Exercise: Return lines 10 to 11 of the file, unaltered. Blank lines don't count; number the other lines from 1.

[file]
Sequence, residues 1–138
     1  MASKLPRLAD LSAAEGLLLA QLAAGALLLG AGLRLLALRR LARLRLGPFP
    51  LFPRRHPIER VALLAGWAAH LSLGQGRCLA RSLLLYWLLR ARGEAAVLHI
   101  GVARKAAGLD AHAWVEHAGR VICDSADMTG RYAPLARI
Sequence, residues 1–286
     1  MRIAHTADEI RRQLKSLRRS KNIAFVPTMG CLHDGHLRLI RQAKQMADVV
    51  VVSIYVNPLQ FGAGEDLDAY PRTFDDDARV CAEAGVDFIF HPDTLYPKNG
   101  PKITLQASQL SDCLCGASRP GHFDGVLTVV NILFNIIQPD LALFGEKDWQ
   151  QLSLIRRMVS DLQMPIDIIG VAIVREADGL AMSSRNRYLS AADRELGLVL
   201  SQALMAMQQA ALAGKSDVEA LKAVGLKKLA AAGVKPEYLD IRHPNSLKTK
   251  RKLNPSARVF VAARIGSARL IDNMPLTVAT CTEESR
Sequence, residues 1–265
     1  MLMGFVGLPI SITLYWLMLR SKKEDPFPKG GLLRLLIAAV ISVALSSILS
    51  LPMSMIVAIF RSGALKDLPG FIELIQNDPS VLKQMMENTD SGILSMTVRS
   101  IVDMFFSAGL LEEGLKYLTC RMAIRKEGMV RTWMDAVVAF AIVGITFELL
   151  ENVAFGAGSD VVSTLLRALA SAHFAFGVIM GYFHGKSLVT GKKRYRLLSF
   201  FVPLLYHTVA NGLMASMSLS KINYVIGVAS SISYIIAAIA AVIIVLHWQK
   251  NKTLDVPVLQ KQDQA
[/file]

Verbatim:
   201  SQALMAMQQA ALAGKSDVEA LKAVGLKKLA AAGVKPEYLD IRHPNSLKTK
   251  RKLNPSARVF VAARIGSARL IDNMPLTVAT CTEESR